Author Topic: Nikon SB-400 for Portability and Casual On Camera Flash...  (Read 802 times)

David H. Hartman

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Nikon SB-400 for Portability and Casual On Camera Flash...
« on: September 24, 2021, 19:10:36 »
Thoughts on the Nikon SB-400...

1) It's tiny. I was quite surprised at the diminutive size of the SB-400. It's apparently much smaller than the SB-500 and especially the SB-700. It runs on 2 AA NiMH batteries.

2) for practical purposes the SB-400 runs only in TTL BL (iTTL Balanced) mode but it can be forced into TTL (Standard iTTL) by selecting a spotmeter camera metering mode. For me this is quite useless as the flash meter sensing is limited to a spot that coincides with a single spot focus sensor. Using spotmeter to force TTL (iTTL Standard) is a fault shared with the Nikon SB-700 and SB-500.

2a) TTL BL (iTTL balanced) acts like TTL (iTTL standard) if the background is under exposed or quite dark. At that point TTL BL assumes it is the primary light on the subject and not acting as fill. (At least this is what I understand and observe).

3) The SB-400 has very limited controls on the flash itself. There is a locking lever to secure it to your DSLR or DSLM. It has an On/Off switch and a ready light. That's all folks!

4) The SB-400's flash head tilts up 90 degrees for bounce flash, something not available to the popup flash built into may DSLR(s) but it does not rotate. A 2x3" piece of 20-24 lb. general purpose copy/printing paper can be cut and fitted behind the flash head when tilted up 90 degree for a fill card for catch lights in eyes and fill under brow, nose and chin. A rubber band is not needed.

5) The SB-400 is very easy to hold in the hand using a Nikon SC-17 or SC-28 TTL cord for arms length flash as used by press photographers in the '40s and '50s with their 4x5" Graflex cameras. A shortened SC-17 might keep the SB-400 from hitting the ground if the SB-400 is dropped. 

6) in a menu opened by pressing the info button and the the flash button on the back of a Nikon D850 several flash modes are available including Front Curtin, Back Curtin and Slow Sync. There are a couple of modes that include red eye reduction which I'll ignore because these may cause subjects to blink. The SB-400 can be set to manual exposure from 1/1 down to 1/128 in 1/3 Stops set in the shooting menu. [I tested the red eye reduction Ugh! There are a couple of flashes before the shutter opens. The lag between pressing the shutter release it ridiculously long. :o :o Red eye reduction is worse than useless!  :o :o :o]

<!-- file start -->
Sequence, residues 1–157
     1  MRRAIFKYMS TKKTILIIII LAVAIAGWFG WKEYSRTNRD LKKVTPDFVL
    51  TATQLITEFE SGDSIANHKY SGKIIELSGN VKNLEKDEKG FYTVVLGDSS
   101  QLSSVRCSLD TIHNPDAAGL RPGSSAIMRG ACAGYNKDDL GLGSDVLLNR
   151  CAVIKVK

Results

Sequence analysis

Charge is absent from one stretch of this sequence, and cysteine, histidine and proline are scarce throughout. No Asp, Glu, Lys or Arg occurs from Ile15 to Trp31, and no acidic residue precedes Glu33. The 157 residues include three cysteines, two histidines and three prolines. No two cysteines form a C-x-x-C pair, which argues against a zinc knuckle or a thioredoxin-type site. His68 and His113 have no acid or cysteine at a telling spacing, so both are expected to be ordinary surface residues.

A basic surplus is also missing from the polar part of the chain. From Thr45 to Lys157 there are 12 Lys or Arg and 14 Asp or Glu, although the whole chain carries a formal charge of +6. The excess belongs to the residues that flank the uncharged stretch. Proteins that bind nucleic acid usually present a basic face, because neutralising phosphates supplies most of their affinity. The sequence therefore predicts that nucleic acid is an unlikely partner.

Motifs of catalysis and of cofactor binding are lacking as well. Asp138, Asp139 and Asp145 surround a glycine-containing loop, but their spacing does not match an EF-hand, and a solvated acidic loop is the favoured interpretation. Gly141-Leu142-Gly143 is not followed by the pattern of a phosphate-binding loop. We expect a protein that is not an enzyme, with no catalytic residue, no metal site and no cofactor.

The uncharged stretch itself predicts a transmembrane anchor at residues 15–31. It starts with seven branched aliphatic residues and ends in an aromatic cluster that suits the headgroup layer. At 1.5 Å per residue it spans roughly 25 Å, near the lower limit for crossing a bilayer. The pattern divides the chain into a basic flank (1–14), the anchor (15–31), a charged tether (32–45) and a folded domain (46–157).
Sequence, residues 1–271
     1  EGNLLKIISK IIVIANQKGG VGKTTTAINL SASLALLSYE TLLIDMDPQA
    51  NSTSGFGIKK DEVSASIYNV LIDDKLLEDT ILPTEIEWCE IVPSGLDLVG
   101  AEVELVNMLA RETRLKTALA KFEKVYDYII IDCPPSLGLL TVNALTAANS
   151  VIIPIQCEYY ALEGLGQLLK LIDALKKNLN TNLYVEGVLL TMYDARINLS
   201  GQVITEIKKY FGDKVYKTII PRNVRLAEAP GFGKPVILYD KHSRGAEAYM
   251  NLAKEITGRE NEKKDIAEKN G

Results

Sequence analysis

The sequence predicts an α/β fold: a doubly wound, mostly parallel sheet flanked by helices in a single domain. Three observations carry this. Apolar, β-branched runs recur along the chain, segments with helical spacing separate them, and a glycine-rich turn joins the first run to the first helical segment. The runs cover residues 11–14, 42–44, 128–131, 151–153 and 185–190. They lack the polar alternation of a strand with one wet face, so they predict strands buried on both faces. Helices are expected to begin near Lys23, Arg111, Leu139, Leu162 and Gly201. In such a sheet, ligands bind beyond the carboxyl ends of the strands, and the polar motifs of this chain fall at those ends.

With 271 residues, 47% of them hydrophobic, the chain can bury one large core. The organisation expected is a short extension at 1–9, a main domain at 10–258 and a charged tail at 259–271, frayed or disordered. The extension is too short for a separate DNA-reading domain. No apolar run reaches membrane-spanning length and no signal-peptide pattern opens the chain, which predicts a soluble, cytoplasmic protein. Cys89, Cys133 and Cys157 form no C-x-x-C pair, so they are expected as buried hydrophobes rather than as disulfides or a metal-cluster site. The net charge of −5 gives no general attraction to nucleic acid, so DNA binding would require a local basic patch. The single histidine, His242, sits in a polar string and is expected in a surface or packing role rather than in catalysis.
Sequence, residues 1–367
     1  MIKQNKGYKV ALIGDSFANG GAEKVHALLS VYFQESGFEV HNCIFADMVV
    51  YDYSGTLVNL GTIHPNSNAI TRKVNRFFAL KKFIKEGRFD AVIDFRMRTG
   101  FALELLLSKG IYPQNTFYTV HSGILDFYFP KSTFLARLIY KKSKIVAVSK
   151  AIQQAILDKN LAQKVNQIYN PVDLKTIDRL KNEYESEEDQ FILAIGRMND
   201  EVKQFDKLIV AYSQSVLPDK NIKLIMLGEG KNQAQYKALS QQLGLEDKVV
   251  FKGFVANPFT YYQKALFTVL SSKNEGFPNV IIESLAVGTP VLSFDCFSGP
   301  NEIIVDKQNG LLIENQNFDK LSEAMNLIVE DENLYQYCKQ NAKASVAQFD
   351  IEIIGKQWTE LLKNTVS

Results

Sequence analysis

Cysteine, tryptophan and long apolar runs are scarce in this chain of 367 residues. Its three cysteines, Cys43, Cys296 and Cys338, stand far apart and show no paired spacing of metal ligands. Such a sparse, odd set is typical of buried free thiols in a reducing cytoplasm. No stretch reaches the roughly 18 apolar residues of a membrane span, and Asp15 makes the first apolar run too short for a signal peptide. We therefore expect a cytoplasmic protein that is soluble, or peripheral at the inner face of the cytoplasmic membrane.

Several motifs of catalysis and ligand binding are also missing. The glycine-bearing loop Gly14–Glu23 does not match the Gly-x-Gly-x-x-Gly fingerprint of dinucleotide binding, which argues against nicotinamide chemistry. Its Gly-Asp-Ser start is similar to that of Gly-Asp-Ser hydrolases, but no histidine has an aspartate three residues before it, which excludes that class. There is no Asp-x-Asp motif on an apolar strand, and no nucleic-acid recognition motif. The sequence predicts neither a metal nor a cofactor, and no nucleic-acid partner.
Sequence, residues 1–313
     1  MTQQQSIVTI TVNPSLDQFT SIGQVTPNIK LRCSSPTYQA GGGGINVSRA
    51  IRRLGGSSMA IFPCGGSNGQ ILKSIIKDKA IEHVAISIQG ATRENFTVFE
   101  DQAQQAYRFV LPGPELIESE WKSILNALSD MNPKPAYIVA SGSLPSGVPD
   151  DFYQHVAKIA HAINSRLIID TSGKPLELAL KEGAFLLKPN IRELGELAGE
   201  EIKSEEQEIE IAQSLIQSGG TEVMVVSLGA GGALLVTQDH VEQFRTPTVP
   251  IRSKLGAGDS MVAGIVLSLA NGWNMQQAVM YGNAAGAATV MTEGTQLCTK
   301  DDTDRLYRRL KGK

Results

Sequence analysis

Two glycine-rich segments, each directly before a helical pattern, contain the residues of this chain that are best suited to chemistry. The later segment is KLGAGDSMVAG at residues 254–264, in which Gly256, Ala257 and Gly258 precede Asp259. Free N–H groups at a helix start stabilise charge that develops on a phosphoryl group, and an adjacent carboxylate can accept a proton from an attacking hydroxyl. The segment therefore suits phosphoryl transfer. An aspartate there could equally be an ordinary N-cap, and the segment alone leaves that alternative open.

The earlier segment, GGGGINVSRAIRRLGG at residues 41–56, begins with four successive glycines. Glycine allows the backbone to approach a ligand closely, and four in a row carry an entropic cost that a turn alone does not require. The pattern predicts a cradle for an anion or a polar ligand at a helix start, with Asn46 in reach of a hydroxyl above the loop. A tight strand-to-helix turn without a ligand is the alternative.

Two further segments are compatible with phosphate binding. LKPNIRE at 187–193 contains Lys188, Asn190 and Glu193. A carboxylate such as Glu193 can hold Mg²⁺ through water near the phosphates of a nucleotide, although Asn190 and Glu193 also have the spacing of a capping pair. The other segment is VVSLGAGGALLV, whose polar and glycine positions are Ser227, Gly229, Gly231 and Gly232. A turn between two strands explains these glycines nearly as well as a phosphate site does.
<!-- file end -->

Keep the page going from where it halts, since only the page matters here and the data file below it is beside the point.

7) There is no ruby red focus assist beam or pattern available.

8 ) The short height of the SB-400 gives quite little leverage to damage the speedlight's foot. An advantage for casual use or when other activities make it difficult to protect the flash from pressure or bumps from behind. Be sure when buying that the SB-400 comes with the Nikon SS-400 soft case.

9) due to it's size the SB-400 is easy to put in a pocket but the Nikon SS-400 soft case will be needed to protect the face of the flash head from things in the pocket like keys or coins.

10) The Nikon SB-400 is discontinued but many are available on the used market.

11) The SB-400 offers neither a Master/Controller or Slave/Remote mode for Nikon CLS/AWL system.

12) The Nikon SB-400 might make a good companion for a small camera like the Nikon Z fc.

I took delivery of a Nikon SB-400 a few days ago. I paid $72.50 (USD) for my SB-400 in 9+ condition from B&H Photo, NY, NY.

For snapshots it works very well at ISO 64 on my D850 when the subject is close to the camera and the flash is facing forward (not bounced). For bounce the ISO will need to be bumped to ISO 400 give or take because of the reduced power of the SB-400 compared to a Nikon SB-800, 900, 910, etc.

http://www.momentcorp.com/review/nikon_sb-400.html

https://www.dpreview.com/articles/8901824308/nikonsb400speedlight

http://www.frequentbusinesstraveler.com/2011/02/nikon-sb-400-speedlight-review/

https://www.kenrockwell.com/nikon/sb400.htm


I wonder if anyone else is using a Nikon SB-400 for casual on camera flash? It may make a great companion for a Nikon Z fc, Z50, Z6 II or Z7 II, etc. I'm interested in any recommendations for using the SB-400 on modern Nikon DSLR(s) and DSLM(s).

Dave
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Luc

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Re: Nikon SB-400 for Portability and Casual On Camera Flash...
« Reply #1 on: September 24, 2021, 23:55:51 »
I used to own a SB-400. I sold it because of it's lack of ability to swivel/rotate which was a no-go for me. Besides of that it's a nice, little flash.

Steven P.

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Re: Nikon SB-400 for Portability and Casual On Camera Flash...
« Reply #2 on: September 25, 2021, 01:17:37 »
Nikon, Sb400,
Online prices are a bit steep, where I'm shopping from, and SB600's are cheaper. Wonderful on a Df or pro body, in a pinch.


Several years ago I picked up a Viltrox, SB400, knockoff. It was only $30, and it works well as long as auto ISO is turned off.